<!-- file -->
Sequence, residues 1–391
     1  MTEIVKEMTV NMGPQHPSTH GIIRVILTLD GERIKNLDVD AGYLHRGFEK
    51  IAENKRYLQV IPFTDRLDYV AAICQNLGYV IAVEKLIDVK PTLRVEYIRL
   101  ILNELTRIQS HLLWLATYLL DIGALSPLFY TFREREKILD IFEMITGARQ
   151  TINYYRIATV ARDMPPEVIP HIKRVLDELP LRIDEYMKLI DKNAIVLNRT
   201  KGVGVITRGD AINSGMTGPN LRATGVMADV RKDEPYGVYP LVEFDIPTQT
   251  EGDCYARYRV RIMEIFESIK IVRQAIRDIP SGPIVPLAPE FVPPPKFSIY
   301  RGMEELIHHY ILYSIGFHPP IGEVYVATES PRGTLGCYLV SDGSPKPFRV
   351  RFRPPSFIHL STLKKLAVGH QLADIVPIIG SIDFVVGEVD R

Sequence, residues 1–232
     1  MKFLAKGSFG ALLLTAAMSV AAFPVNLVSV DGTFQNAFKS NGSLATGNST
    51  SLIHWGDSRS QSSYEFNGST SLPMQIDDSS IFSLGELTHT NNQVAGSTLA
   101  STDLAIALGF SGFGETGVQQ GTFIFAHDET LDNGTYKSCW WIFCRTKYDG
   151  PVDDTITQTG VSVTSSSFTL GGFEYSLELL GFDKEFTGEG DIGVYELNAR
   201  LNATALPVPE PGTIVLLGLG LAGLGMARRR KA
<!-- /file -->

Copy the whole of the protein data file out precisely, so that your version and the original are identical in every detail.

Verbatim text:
Sequence, residues 1–391
     1  MTEIVKEMTV NMGPQHPSTH GIIRVILTLD GERIKNLDVD AGYLHRGFEK
    51  IAENKRYLQV IPFTDRLDYV AAICQNLGYV IAVEKLIDVK PTLRVEYIRL
   101  ILNELTRIQS HLLWLATYLL DIGALSPLFY TFREREKILD IFEMITGARQ
   151  TINYYRIATV ARDMPPEVIP HIKRVLDELP LRIDEYMKLI DKNAIVLNRT
   201  KGVGVITRGD AINSGMTGPN LRATGVMADV RKDEPYGVYP LVEFDIPTQT
   251  EGDCYARYRV RIMEIFESIK IVRQAIRDIP SGPIVPLAPE FVPPPKFSIY
   301  RGMEELIHHY ILYSIGFHPP IGEVYVATES PRGTLGCYLV SDGSPKPFRV
   351  RFRPPSFIHL STLKKLAVGH QLADIVPIIG SIDFVVGEVD R

Sequence, residues 1–232
     1  MKFLAKGSFG ALLLTAAMSV AAFPVNLVSV DGTFQNAFKS NGSLATGNST
    51  SLIHWGDSRS QSSYEFNGST SLPMQIDDSS IFSLGELTHT NNQVAGSTLA
   101  STDLAIALGF SGFGETGVQQ GTFIFAHDET LDNGTYKSCW WIFCRTKYDG
   151  PVDDTITQTG VSVTSSSFTL GGFEYSLELL GFDKEFTGEG DIGVYELNAR
   201  LNATALPVPE PGTIVLLGLG LAGLGMARRR KA